In any case, while I was waiting for my back pain to ease up and I started ego-surfing the Internet. I found three poems I had published in Apollo’s Lyre (now defunct), two of which are fairly intense romantically speaking. I decided they rated inclusion in Nocturne, so I decided to publish a second edition of Nocturne. I then looked for some other poems that I hadn’t in there, but probably should have. I found a few of those. I then looked at my photo file and went online to check out a couple of public domain photos. They had what I wanted, so I determined to come out with the second edition of Nocturne. There’s not much to add, so it should come out in a month or two. These poems and accompanying photos will definitely ratchet up the collections intensity overall.

Stay tuned for more updates.

Podcast: My Interview on KSJE radio (90.9FM) with Traci Hales-Vass on Nocturne… and more

For those of you who have not heard it, here is a link to my interview with Traci Hales-Vass for Farmington (NM) public radio KSJE 90.9 FM, which aired on September 18, 2019. The topic was my poetry collection Nocturne: Poems of Love, Distance, and the Night, a callous and disinterested lover.  Many heartfelt thanks to Traci for having me on her show.

The interview is also on YouTube.

You can find another review by Aakanksha Jain here. Many heartfelt thanks to Aakanksha as well.

Also Aakanksha did a written interview with me as well, which came out in July and which you can find here.

The Saturday Night Special: “Red is the Color of Blood” by Conrad Aiken (1918)

RED is the color of blood, and I will seek it:

I have sought it in the grass.

It is the color of steep sun seen through eyelids.

 

It is hidden under the suave flesh of women–

Flows there, quietly flows.

It mounts from the heart to the temples, the singing

mouth–

As cold sap climbs to the rose.

I am confused in webs and knots of scarlet

Spun from the darkness;

Or shuttled from the mouths of thirsty spiders.

 

Madness for red! I devour the leaves of autumn.

I tire of the green of the world.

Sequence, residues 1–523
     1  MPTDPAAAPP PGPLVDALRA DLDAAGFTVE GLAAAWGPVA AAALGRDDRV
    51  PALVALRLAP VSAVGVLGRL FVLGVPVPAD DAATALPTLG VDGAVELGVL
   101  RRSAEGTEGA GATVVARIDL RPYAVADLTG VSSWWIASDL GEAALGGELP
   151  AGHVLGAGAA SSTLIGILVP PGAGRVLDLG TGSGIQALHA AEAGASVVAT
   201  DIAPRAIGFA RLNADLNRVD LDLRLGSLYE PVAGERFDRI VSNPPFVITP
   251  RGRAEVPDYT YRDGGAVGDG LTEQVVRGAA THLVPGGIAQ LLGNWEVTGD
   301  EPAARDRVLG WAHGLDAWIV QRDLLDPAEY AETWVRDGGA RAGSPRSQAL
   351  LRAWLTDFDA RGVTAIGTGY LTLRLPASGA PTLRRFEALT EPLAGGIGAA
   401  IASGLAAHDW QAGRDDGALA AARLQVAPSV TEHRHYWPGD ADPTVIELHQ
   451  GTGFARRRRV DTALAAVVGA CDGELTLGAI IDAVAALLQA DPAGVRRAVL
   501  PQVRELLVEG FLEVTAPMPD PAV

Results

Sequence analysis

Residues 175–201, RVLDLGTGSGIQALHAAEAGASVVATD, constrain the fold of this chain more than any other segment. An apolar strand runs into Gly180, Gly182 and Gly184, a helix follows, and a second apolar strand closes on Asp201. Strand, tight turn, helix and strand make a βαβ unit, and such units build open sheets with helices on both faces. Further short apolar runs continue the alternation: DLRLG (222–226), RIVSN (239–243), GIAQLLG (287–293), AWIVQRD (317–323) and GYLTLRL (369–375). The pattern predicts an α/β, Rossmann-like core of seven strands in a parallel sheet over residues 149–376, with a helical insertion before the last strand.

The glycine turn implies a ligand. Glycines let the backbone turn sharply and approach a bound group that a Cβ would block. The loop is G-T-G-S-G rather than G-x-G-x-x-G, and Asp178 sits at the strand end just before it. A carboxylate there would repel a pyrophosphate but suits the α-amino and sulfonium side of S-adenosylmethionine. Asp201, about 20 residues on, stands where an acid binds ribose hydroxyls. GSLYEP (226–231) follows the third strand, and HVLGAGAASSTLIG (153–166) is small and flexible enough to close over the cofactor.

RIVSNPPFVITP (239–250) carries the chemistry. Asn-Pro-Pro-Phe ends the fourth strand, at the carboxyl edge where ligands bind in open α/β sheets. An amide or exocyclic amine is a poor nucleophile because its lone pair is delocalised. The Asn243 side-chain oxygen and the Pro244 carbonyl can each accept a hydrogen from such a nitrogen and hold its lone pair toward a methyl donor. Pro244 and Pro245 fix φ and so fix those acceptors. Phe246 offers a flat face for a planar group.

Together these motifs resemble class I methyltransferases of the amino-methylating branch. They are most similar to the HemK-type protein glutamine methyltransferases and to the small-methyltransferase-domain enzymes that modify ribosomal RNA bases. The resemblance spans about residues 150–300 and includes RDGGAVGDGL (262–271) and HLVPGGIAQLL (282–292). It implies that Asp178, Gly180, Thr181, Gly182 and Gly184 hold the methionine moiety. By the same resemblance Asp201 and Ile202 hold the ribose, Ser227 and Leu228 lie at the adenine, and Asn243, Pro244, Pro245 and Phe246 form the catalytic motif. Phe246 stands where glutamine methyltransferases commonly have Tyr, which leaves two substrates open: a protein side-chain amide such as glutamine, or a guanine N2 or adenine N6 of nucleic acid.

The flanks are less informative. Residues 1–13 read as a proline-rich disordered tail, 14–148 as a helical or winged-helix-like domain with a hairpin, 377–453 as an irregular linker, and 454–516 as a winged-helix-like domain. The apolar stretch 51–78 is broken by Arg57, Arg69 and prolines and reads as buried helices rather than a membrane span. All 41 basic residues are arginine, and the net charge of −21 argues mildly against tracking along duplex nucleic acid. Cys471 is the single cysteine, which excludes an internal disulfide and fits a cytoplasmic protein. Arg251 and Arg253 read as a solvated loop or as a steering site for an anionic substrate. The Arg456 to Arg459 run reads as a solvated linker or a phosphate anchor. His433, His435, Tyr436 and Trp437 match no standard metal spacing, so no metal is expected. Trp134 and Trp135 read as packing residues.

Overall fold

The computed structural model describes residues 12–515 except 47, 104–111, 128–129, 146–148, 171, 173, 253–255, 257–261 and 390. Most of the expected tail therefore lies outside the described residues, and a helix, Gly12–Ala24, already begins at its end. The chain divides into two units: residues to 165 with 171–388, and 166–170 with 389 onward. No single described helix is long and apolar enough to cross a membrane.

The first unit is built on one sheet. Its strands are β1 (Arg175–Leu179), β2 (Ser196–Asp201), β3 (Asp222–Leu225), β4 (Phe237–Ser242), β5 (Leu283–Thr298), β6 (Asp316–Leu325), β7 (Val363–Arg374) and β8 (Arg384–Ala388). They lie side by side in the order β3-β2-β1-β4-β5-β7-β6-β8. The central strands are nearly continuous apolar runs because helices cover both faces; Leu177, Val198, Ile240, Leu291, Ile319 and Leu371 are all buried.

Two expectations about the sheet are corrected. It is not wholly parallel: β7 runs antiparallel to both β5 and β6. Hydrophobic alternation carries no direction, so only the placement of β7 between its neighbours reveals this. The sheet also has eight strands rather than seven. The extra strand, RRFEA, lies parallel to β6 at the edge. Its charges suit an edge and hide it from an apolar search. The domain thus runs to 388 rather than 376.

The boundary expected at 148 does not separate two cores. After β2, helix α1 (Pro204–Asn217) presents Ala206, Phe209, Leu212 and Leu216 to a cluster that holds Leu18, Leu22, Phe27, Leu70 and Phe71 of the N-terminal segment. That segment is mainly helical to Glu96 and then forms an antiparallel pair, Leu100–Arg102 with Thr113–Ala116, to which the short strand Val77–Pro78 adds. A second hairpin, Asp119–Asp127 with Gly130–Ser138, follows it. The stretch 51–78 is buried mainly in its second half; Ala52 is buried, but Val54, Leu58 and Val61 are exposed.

I am myself a mouth for blood …

 

Here, in the golden haze of the late slant sun,

Let us walk, with the light in our eyes,

To a single bench from the outset predetermined.

Look: there are seagulls in these city skies,

Kindled against the blue.

But I do not think of the seagulls, I think of you.

 

Your eyes, with the late sun in them,

Are like blue pools dazzled with yellow petals.

This pale green suits them well.

 

Here is your finger, with an emerald on it:

The one I gave you. I say these things politely–

But what I think beneath them, who can tell?

 

For I think of you, crumpled against a whiteness;

Flayed and torn, with a dulled face.

I think of you, writing, a thing of scarlet,

And myself, rising red from that embrace.

 

November sun is sunlight poured through honey:

Old things, in such a light, grow subtle and fine.

Bare oaks are like still fire.

Talk to me: now we drink the evening’s wine.

Look, how our shadows creep along the grave!–

And this way, how the gravel begins to shine!

 

This is the time of day for recollections,

For sentimental regrets, oblique allusions,

Rose-leaves, shrivelled in a musty jar.

Scatter them to the wind! There are tempests coming.

It is dark, with a windy star.

 

If human mouths were really roses, my dear,–

(Why must we link things so?–)

I would tear yours petal by petal with slow murder.

I would pluck the stamens, the pistils,

The gold and the green,–

Spreading the subtle sweetness that was your breath

On a cold wave of death….

 

Now let us walk back, slowly, as we came.

We will light the room with candles; they may shine

Like rows of yellow eyes.

Your hair is like spun fire, by candle-flame.

You smile at me–say nothing. You are wise.

 

For I think of you, flung down brutal darkness;

Crushed and red, with pale face.

I think of you, with your hair disordered and dripping.

And myself, rising red from that embrace.

###

This poem is from Gothic Romantic Poetry, which adds this note about Conrad Aiken:

“Conrad Aiken came from a  wealthy, and well known family who were from New England but moved to Savannah, Georgia. His father was a respected physician and surgeon however for no apparent reason Conrad’s father

Conrad Aiken October 3, 2013 (photographer unknown)

Conrad Aiken
October 3, 2013
(photographer unknown)

suddenly  seemed to change his temperament and became difficult to get on with and violent. Then early in the morning of February 27, 1901, he murdered his wife and shot himself. Conrad (who was eleven years old) heard the gunshots and discovered the bodies. After this tragedy he was raised by his great-great-aunt in Massachusetts.

“To read more about the life of Conrad Aiken read his autobiographical novel Ushant (1952), one of his major works which is an excellent source of information. In this book he speaks candidly about his various affairs and marriages, his attempted suicide and fear of insanity.”